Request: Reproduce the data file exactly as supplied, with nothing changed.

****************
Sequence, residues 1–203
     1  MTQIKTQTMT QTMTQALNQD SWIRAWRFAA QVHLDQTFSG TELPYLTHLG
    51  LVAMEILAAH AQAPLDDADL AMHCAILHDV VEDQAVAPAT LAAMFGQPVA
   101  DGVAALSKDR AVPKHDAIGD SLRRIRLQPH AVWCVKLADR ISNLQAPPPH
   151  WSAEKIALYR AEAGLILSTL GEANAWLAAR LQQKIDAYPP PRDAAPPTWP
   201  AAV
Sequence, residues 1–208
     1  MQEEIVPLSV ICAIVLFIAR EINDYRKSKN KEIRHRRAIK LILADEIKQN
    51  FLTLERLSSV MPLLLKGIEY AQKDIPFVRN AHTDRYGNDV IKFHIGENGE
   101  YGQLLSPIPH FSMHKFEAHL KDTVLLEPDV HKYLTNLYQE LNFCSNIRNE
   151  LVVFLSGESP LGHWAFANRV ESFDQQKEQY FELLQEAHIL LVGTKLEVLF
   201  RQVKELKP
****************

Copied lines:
Sequence, residues 1–203
     1  MTQIKTQTMT QTMTQALNQD SWIRAWRFAA QVHLDQTFSG TELPYLTHLG
    51  LVAMEILAAH AQAPLDDADL AMHCAILHDV VEDQAVAPAT LAAMFGQPVA
   101  DGVAALSKDR AVPKHDAIGD SLRRIRLQPH AVWCVKLADR ISNLQAPPPH
   151  WSAEKIALYR AEAGLILSTL GEANAWLAAR LQQKIDAYPP PRDAAPPTWP
   201  AAV
Sequence, residues 1–208
     1  MQEEIVPLSV ICAIVLFIAR EINDYRKSKN KEIRHRRAIK LILADEIKQN
    51  FLTLERLSSV MPLLLKGIEY AQKDIPFVRN AHTDRYGNDV IKFHIGENGE
   101  YGQLLSPIPH FSMHKFEAHL KDTVLLEPDV HKYLTNLYQE LNFCSNIRNE
   151  LVVFLSGESP LGHWAFANRV ESFDQQKEQY FELLQEAHIL LVGTKLEVLF
   201  RQVKELKP